Citizen participation regulations come in all shapes and colors. Some are limited to paraphrase what the Law of Bases says (and in some cases not even that) and others introduce novelties of the most varied. If you want to go deeper into this topic, we recommend reading the Guide to Citizen Participation Instruments prepared by the FEMP and the Government of Aragon in 2016.

In short, in the absence of a state law harmonizing these regulations, we find ourselves with a scenario in which the right of participation of one citizen may be very different from that of another who resides in a neighboring town. Perhaps for this reason, in the last nine years all the autonomous communities have published their own law on citizen participation. Again, each law is very different. Here is a comparative summary so that you can get an idea of the situation in your region. Of course, if you want your municipality to be a pioneer in citizen participation, you cannot limit yourself to complying with the minimums established by law. And you should look to what other cities are doing for inspiration. other cities. But it is always good to know if we are within the law or if we need to update ourselves.

Autonomous community laws on citizen participation

Each autonomous community has a law regulating citizen participation. In some cases they are laws of good governance that contain a few articles on participation. In others, they are laws on transparency and citizen participation. And only in the case of Andalusia is it a law dealing exclusively with citizen participation. Of the seventeen laws, nine include municipalities in their scope of application.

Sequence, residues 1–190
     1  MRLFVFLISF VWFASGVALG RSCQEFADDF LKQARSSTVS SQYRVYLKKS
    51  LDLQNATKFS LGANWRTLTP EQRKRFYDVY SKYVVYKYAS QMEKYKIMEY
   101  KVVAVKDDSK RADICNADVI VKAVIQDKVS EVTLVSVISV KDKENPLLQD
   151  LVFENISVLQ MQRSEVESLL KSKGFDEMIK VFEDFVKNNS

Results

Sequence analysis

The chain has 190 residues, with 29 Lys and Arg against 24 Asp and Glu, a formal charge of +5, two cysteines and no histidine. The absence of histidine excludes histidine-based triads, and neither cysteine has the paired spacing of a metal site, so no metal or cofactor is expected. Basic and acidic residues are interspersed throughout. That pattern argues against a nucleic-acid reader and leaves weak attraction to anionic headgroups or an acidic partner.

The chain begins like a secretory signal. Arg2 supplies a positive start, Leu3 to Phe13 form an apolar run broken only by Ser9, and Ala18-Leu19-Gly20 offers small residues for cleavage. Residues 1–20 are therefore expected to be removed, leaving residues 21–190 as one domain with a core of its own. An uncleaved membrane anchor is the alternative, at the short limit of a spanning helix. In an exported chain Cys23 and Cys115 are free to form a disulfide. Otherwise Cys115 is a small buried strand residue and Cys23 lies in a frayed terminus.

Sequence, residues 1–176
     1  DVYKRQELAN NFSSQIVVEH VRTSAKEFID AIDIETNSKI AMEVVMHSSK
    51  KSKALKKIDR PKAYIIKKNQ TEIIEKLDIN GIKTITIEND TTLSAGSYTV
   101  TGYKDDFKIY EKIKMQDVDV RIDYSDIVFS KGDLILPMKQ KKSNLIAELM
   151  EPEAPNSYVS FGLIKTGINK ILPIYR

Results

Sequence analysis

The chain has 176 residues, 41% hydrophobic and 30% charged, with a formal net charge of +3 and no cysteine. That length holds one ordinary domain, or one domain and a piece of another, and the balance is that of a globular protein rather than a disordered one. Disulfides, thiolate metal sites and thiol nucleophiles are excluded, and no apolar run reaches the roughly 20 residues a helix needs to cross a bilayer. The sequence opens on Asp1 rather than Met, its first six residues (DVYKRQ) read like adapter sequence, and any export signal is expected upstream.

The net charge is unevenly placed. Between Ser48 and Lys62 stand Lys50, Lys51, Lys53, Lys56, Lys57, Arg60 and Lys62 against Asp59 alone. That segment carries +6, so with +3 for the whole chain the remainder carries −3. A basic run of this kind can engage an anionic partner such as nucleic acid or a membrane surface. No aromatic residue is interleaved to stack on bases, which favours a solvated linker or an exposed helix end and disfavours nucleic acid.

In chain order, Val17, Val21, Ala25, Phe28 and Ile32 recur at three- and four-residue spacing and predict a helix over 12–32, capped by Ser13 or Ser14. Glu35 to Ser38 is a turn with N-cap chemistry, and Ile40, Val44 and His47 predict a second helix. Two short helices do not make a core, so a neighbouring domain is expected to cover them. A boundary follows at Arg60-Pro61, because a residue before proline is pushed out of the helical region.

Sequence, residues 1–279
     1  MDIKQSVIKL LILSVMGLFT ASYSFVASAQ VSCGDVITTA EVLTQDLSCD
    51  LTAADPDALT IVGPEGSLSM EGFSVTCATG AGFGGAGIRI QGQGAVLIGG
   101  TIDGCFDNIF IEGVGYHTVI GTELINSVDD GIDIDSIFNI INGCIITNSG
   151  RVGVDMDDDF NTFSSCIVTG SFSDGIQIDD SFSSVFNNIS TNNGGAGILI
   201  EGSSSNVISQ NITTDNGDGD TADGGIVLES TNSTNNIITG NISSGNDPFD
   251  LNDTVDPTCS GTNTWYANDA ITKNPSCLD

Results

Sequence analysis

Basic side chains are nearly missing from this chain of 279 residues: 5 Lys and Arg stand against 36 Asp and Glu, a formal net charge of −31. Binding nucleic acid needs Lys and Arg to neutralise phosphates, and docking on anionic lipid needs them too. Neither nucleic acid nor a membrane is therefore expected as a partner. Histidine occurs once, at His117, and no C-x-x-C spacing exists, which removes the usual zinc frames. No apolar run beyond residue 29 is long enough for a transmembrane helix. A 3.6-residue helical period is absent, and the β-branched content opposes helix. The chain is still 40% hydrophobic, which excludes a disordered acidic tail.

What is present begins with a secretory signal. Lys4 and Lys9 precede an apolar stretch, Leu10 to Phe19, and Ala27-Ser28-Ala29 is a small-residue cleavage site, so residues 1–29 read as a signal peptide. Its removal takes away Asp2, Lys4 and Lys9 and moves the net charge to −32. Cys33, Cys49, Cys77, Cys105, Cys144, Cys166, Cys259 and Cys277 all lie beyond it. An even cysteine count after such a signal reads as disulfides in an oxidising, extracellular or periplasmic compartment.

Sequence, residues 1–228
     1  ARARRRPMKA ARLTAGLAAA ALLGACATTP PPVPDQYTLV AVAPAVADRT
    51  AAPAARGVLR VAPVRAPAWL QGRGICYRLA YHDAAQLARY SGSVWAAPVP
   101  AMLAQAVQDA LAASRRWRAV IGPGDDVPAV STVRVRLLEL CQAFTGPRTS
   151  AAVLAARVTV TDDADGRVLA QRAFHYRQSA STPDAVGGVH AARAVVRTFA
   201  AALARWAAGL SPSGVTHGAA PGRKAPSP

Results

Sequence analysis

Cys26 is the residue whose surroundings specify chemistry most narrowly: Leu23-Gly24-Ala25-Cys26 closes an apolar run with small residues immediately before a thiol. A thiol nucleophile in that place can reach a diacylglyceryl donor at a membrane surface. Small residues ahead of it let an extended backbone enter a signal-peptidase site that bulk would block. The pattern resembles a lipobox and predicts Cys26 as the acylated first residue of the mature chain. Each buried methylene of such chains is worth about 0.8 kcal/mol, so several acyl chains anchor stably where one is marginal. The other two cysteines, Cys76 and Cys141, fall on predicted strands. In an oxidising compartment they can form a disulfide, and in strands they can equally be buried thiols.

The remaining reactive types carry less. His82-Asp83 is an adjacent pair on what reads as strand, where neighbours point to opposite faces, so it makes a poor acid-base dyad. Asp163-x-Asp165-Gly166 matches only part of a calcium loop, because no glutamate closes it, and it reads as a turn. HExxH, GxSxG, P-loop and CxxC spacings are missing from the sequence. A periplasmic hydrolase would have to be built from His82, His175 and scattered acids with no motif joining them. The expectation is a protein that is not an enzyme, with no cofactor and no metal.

The pioneering regions were the Canary Islands (2010), the Balearic Islands (2011) and Extremadura (2013) - a region that took its first steps in citizen participation with the support of Kuorum. And the most recent additions are those of Andalusia (2019), Madrid (2019) and the Basque Country (in draft). Generally the most recent laws are more innovative and detailed. But there are exceptions such as that of Galicia which, despite having been published in 2016, still understands participation as a mere "mechanism of control over public affairs". In contrast, Murcia in 2014 already defined it as "individual or collective intervention by citizens in the design, implementation and evaluation of public policies and actions".

Some autonomous communities offer support to smaller municipalities. Others delegate this function to the provincial councils. But all of them - with the exception of Asturias - urge the use of electronic media to facilitate citizen participation. In the following section we explain how you can effortlessly comply with this requirement.

Technology for citizen participation

Whether you are required by law or just a recommendation, the truth is that technology can help you achieve higher participation rates in your municipality and a reduced workload in your citizen participation department. In the Citizen Participation Report 2019 you can see some of the reasons why participation technologies are essential to stimulate youth participation. But what are the requirements for the technology you hire? To help you choose, we have prepared this article. If you have any questions or suggestions, please contact us.